The treasurer of Brazil's ruling party was arrested Wednesday for alleged money laundering and taking bribes from state oil giant Petrobras that were stuffed into backpacks, the latest blow to President Dilma Rousseff.
Police accused Joao Vaccari of being the Workers' Party (PT) point man in a massive kickbacks scheme in which Petrobras executives colluded with construction companies to inflate contracts to the tune of $4 billion, passing some of the dirty cash to the PT and its allies.
The arrest ups the pressure yet again on Rousseff, who is facing calls for her impeachment and approval ratings of just 13 percent only four months into her second term.
Rousseff chaired the Petrobras board during much of the decade when the alleged corruption took place, though she has not been implicated in the scandal.
Vaccari, who denies any wrongdoing, was arrested in the financial capital Sao Paulo as he prepared for his morning walk, police said.
He was transferred to the southern city of Curitiba, where a judge is leading the probe into the Petrobras case.
Prosecutors said they requested his arrest "to stop a series of crimes and because of the gravity of the crimes in which he participated intensively, which involve millions of reals."
They said in a statement they also wanted to prevent him from "exerting political influence to obstruct the investigation."
Police questioned Vaccari's wife, Giselda Rousie Lima, who is being investigated as an accomplice.
They also have a warrant for his sister-in-law Marice Correia Lima, who is under investigation for money laundering over the purchase and sale of an apartment linked to the scandal.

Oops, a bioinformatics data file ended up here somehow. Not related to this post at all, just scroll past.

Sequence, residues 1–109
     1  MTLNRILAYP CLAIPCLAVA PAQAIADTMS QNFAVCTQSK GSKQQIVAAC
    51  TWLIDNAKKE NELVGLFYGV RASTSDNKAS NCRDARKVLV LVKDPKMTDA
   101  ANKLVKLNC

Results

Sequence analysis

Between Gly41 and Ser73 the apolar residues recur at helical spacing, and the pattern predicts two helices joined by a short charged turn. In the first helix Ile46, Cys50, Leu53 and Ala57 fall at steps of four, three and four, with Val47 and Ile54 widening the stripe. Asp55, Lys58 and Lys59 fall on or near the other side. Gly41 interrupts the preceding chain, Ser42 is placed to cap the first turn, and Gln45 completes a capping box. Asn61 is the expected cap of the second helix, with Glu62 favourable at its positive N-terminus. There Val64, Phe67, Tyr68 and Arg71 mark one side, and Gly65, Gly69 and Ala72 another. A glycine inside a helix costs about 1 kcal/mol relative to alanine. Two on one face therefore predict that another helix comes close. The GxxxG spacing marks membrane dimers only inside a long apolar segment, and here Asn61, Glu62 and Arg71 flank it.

- Backpacks full of cash -
Vaccari is one of the biggest names targeted in the investigation, in which some three dozen other politicians have been accused.
The scandal hits at the core of the PT, which surged to power in 2003 with a promise to shake up Brazilian politics.
Investigators are now probing to what extent illicit cash has funded the party's operations while in power, including Rousseff's first election campaign in 2010.
Five suspects accused of involvement in corrupt practices at Petrobras who have turned state's witness have told investigators that Vaccari was the PT's point man in the scheme.
The witnesses accuse Vaccari of transporting backpacks full of Petrobras cash, illegally using bank accounts in his relatives' names, meeting with black-market financiers and funneling illicit funds to the PT.
The party denies any wrongdoing.
"We reaffirm our confidence in Joao Vaccari Neto's innocence, not only because of his conduct, but because in a democratic state everyone has the fundamental right to be considered innocent until proven guilty," it said in a statement.
It said Vaccari had asked to be removed from his post "for practical reasons," but did not say if the request was accepted.
Prosecutor Carlos Fernandes Santos Lima said investigators found "unidentified deposits" for more than 300,000 reals ($100,000) over three years in bank accounts belonging to Vaccari's relatives.
Besides evidence that Vaccari ran the PT's end of the Petrobras kickbacks, "we have evidence that this scheme was repeated at other companies," including both state-run and private firms, Lima said.
The scandal has taken a heavy toll on Petrobras, the largest company in the world's seventh-largest economy.
Its chief0 executive and board of directors resigned in February, after the company lost nearly $9 billion in stock value after being downgraded by two ratings agencies.